Two weeks before the Unite the Right Rally in Charlottesville, Virginia, about 300 white supremacists converged outside Nashville with far less fanfare. The occasion was the annual American Renaissance conference, where speakers celebrated the rising political fortunes of white nationalism and discussed the movement’s future.
Several of those speakers belong to the shadowy world of nonprofits that espouse white supremacy. Associates of three of the most influential organizations in this space, the Charles Martel Society, New Century Foundation and VDare Foundation, addressed attendees. Over recent years, these groups have pulled in a small but steady stream of tax-exempt donations to produce white nationalist propaganda designed to dress up racist ideology with the veneer of intellectualism.
This is important because events like the rally in Charlottesville don’t happen in a vacuum. Writing and messaging that cloaks white supremacy in academic babble and pseudoscience helps to pave the way to radicalization. And these days, like everything else, recruitment for fringe groups, from Neo-Nazis to ISIS, happens online, where these nonprofits’ publications live.
All three organizations are registered as tax-exempt 501(c)3 nonprofits with the IRS. All three are characterized as hate groups by the Southern Poverty Law Center.
Under current law, individuals and corporations can make unlimited anonymous donations to nonprofits. Groups engaged in controversial work, and the donors behind them, can easily cover their tracks. But while we don’t know where, specifically, these three white supremacist nonprofits get their money, based on their tax forms, we do know how much they've raised in recent years and how they've spent it. Here's a closer look.
The Charles Martel Society
Founded by William Regnery II, the heir of a conservative publishing fortune, the Charles Martel Society spends the bulk of its funding on publishing The Occidental Quarterly.
The Southern Poverty Law Center described the publication as a “slick, academic-looking journal edited by a Who’s Who of the radical right.” The description is touted on the magazine’s website alongside the endorsements of academics popular among white nationalists.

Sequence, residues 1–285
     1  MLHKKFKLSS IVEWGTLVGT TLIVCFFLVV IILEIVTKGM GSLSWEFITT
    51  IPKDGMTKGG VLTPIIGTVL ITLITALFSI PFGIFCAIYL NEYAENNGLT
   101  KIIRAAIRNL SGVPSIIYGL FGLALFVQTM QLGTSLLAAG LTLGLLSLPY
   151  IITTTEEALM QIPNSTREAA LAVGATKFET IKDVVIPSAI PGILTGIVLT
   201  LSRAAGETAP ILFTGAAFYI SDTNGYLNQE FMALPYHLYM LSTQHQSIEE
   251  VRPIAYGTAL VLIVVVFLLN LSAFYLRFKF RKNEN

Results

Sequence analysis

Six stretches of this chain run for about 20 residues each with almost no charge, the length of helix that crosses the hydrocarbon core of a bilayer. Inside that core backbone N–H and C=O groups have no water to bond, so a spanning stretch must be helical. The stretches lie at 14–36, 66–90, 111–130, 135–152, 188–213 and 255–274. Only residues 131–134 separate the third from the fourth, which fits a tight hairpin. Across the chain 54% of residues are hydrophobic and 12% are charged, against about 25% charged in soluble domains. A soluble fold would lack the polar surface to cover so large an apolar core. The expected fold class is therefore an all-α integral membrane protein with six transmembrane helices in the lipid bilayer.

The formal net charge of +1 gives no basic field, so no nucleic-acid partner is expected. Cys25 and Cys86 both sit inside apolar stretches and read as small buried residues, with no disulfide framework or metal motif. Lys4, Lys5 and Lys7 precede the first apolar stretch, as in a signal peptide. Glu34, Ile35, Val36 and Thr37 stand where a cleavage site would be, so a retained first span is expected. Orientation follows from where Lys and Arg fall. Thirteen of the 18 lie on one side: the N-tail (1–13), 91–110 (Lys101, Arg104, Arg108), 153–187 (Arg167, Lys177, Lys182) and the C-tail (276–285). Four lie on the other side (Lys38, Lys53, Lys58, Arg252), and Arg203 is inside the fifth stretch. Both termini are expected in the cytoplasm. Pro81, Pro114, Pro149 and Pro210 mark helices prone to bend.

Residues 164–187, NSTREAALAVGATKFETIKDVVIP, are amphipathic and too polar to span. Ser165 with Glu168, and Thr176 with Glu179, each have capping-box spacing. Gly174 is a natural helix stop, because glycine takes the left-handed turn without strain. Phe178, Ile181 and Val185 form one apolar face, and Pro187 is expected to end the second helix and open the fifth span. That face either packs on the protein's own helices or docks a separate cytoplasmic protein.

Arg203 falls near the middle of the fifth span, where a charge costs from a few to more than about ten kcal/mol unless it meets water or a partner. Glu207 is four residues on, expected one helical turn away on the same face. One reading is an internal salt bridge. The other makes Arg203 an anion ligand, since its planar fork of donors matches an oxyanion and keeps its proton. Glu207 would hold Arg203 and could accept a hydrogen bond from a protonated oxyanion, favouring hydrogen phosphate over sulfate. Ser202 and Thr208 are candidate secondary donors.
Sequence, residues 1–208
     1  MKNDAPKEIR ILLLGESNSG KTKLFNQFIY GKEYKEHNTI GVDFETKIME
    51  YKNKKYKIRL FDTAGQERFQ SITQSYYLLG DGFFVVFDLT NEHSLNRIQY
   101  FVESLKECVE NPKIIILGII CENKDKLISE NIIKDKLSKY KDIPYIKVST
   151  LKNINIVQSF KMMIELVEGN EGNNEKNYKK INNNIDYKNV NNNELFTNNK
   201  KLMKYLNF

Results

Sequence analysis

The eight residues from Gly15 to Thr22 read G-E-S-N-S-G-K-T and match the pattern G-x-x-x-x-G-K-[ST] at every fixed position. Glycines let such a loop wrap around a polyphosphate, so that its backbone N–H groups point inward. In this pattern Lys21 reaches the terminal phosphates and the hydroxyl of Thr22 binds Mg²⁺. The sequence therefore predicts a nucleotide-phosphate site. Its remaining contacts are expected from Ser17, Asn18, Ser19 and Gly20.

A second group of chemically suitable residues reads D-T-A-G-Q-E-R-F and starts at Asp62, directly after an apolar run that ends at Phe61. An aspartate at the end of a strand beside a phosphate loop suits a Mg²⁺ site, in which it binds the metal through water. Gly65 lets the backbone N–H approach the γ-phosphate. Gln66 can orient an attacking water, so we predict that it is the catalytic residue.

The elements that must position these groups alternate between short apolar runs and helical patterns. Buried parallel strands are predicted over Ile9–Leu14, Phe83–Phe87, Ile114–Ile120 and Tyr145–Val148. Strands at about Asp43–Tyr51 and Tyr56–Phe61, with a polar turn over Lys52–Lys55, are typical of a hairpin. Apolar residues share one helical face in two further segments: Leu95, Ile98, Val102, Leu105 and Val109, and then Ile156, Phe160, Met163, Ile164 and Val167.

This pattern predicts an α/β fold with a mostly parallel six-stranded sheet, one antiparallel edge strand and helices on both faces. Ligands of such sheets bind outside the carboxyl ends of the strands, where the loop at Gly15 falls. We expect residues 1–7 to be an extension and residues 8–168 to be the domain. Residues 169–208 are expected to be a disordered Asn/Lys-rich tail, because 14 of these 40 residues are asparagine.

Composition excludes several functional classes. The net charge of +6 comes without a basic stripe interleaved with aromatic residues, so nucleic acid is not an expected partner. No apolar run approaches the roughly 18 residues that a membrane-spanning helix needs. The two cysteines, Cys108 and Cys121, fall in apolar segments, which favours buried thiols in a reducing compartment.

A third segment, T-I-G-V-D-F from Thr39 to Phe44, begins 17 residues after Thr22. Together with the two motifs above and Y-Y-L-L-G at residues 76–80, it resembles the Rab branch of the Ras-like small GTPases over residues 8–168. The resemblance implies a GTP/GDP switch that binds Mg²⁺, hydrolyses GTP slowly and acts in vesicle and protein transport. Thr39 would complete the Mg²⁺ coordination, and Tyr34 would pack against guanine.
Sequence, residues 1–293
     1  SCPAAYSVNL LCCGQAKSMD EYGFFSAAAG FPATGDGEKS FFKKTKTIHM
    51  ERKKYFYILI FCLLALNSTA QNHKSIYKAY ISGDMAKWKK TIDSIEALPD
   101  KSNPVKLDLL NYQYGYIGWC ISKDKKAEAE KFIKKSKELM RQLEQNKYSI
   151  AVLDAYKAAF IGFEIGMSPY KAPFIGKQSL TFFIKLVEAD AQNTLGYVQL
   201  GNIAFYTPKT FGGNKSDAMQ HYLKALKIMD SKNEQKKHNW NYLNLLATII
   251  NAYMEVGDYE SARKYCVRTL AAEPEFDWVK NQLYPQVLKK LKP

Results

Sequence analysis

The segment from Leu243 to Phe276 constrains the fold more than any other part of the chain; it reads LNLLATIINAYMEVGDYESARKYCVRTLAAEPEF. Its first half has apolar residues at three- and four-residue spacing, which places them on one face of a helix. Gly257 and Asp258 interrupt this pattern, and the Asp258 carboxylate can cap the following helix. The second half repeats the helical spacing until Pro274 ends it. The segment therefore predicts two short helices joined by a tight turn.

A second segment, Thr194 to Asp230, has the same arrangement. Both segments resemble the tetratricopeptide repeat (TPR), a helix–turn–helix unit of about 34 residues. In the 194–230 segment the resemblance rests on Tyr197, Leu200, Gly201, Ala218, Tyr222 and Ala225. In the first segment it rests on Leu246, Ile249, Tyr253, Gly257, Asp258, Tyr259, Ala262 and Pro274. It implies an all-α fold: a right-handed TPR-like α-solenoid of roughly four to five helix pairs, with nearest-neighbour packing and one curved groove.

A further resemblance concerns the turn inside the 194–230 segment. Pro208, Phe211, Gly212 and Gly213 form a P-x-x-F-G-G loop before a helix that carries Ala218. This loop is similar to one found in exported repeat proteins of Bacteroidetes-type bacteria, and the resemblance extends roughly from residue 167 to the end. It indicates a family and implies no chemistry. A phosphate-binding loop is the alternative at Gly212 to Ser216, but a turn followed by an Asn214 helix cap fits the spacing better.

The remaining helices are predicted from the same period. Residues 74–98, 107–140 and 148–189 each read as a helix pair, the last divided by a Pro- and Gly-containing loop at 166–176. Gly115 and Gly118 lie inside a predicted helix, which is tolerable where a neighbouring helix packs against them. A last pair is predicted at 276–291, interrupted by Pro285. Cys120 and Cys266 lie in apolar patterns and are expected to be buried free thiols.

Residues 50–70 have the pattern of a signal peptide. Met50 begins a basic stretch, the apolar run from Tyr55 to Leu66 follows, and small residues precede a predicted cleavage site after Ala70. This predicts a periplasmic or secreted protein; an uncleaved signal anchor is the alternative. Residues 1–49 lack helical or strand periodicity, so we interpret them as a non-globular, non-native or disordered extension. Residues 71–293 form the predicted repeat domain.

The foundation received about $215,000 in donations between 2012 and 2015, according to recent tax forms. Donations accounted for about 70 percent of the nonprofit’s revenue, and covered the publication of the quarterly magazine.
Regnery’s name comes up repeatedly in alt-right circles. His grandfather was one of the funders behind America First, the movement that sought to keep the U.S. out of World War II and professed admiration for fascism, according to a profile published by Buzzfeed. Since 2001, Regnery has made $580,000 in donations through family charities and other tax-exempt organizations under his control, Buzzfeed reported.
In addition to the Charles Martel Society, Regnery also founded the National Policy Institute, a white supremacy think tank. Richard Spencer, who coined the term “alt-right,” runs the organization. Like the Charles Martel Society, the think tank had 501(c)3 status, but the IRS revoked its nonprofit status this year for failing to file the proper tax forms.
New Century Foundation
The foundation listed "educating the public on race and immigration" as its main activity on its most recent tax forms. According to the foundation’s website, that means discrediting the idea that race does not determine intelligence, which they refer to as “one of the most destructive myths of modern times.”
There, I was thinking it was that sugar won’t kill you.
The foundation reported receiving about $439,000 in donations between 2012 and 2015 on recent tax forms. The bulk of the money goes to publishing its online magazine, American Renaissance. The foundation estimated about 250,000 people a month visit the publication’s website, which was up from the 120,000 a month it reported back in 2010.
The foundation also sponsors the American Renaissance conference.
Jared Taylor founded the New Century Foundation. He was also a founding board member of the National Policy Institute, Regnery’s white supremacy think tank.
By far the most prolific fundraiser of the three groups, the VDare Foundation spends its money publishing a hardline anti-immigration website.
The foundation derives its anti-immigration stance from the belief that America’s racial and cultural identity is white and should remain that way. That and the promotion of the work and opinions of white supremacists and anti-Semites earned the website its hate group designation from the Southern Poverty Law Center.
Virginia Dare, the first white child born in the American colonies, is the namesake of the organization. At first glance, naming an anti-immigrant foundation after the child of immigrants may seem like an odd choice. But under closer examination, it becomes clear that the immigrants the group opposes are nonwhites. Indeed, the site’s founder Peter Brimelow is an immigrant from the U.K.
The foundation reported around $2.5 million in contributions between 2012 and 2015, with the lion's share of that coming in 2012. The foundation reported raising more than $5 million overall in tax-free donations from 2005 to 2015. Public records show that it received support in the past from the Colcom and Armstrong foundations, two grantmakers that also support a range of conservative or libertarian causes.